Wisconsin Preventing Children's Cavities Better Than Most States
According to a new report from the Centers for Disease Control, only 40 percent of children ages 6-11 in the U.S. have dental sealants, a coating that helps prevent cavities.
Tom Frieden, director of the Centers for Disease Control and Prevention said kids with painful tooth problems miss more school and have lower grades, noting it impacts more kids from low income families
"Poor children are 20 percent less likely to have sealants than children from higher income families," Frieden said.
Wisconsin's Seal-A-Smile, a school-based program managed by The Children's Health Alliance, is working to change that. Matt Crespin, associate director of the alliance, said the state's Seal-A-Smile program has increased the use of sealants for children from low-income families.
"So if you look at kids in high-risk schools, they actually have higher rates of sealants than kids in low risk-schools," he said.The state’s most recent oral health survey in 2013 found 61 percent of third graders (of all socioeconomic backgrounds) had sealants; better than the national rate of 40 percent. The state's rate has been climbing over time.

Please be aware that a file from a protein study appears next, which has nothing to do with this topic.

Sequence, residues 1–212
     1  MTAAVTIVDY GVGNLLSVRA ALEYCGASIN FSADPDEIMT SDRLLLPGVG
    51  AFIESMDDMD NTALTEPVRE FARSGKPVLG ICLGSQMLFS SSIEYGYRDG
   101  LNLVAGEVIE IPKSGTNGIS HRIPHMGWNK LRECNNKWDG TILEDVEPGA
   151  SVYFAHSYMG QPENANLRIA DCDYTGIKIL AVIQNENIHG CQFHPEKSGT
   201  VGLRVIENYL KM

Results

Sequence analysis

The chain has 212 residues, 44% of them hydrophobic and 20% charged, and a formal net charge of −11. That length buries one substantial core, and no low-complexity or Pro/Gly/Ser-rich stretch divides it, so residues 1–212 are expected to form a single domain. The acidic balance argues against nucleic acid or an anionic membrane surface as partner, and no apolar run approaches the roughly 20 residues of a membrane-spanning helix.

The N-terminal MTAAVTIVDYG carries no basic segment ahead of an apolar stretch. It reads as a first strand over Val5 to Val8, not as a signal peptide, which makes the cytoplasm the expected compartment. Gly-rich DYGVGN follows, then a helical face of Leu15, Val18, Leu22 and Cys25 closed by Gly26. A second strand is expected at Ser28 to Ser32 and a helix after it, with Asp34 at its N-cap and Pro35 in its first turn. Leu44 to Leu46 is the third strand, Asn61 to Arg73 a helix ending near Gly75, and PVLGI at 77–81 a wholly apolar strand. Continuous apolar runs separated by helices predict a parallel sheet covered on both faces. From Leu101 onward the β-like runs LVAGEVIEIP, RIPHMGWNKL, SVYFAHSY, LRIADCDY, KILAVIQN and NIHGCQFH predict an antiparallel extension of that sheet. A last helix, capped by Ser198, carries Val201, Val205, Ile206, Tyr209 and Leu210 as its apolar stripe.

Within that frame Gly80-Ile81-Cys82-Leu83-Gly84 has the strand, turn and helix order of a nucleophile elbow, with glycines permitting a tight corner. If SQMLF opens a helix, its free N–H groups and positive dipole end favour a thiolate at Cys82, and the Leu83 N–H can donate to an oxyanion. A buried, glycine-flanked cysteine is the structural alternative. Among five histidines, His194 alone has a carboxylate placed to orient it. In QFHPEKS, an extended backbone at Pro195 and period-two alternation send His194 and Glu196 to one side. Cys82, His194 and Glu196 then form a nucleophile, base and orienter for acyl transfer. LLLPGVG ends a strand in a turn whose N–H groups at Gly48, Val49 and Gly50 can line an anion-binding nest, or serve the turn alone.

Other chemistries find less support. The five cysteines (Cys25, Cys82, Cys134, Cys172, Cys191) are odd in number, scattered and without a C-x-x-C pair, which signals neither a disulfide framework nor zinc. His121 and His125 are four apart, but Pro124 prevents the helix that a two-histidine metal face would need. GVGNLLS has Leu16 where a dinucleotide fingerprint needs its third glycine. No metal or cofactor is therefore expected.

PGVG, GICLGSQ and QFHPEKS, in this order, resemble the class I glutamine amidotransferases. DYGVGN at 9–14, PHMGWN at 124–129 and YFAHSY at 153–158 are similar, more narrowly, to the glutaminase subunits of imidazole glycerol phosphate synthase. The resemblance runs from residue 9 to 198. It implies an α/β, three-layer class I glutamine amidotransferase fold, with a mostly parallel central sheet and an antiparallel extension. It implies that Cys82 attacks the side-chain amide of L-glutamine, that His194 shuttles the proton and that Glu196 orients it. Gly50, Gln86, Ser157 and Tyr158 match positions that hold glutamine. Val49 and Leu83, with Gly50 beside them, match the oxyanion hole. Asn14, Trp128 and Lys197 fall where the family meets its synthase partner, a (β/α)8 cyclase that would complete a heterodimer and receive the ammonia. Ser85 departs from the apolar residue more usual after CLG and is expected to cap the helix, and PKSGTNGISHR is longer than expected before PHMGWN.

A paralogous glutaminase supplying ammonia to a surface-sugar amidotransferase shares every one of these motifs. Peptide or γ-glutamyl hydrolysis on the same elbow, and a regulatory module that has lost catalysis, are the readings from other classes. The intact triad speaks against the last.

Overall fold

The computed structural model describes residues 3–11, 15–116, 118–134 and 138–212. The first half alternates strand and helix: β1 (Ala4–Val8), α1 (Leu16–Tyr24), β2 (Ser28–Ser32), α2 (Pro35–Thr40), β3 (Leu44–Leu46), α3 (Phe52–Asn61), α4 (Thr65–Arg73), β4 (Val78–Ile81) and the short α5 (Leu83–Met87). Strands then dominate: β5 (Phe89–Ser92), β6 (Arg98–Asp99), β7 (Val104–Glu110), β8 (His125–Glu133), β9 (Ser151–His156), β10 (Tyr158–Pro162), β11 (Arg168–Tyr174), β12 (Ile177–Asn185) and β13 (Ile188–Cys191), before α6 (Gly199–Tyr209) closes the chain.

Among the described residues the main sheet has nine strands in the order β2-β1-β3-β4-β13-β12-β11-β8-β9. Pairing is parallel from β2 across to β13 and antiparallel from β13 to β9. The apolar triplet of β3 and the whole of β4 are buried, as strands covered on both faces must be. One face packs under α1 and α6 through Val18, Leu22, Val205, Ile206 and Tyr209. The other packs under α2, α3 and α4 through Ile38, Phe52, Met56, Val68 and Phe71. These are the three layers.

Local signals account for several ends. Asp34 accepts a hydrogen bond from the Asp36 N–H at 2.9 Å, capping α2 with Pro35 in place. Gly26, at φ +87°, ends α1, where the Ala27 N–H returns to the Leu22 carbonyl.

In 2002, 47 percent of school children had sealants. In 2008, 51 percent did. Crespin said schools are chosen to be in the program based on how many kids get free and reduced lunch. About 850 schools across Wisconsin are in the program.
"So we are often times are in schools that have higher percentages of children that are either uninsured or insured by Medicaid, the kids that most oftentimes need this care the most because they have a difficult time accessing care and they have the highest level of disease," he said.
Crespin said Wisconsin’s sealant program is unique in that all schoolchildren, regardless of income, can get their teeth protected, noting the alliance partners with the state Department of Heath Services and Delta Dental, each of which contribute about $350,000 annually to the program.
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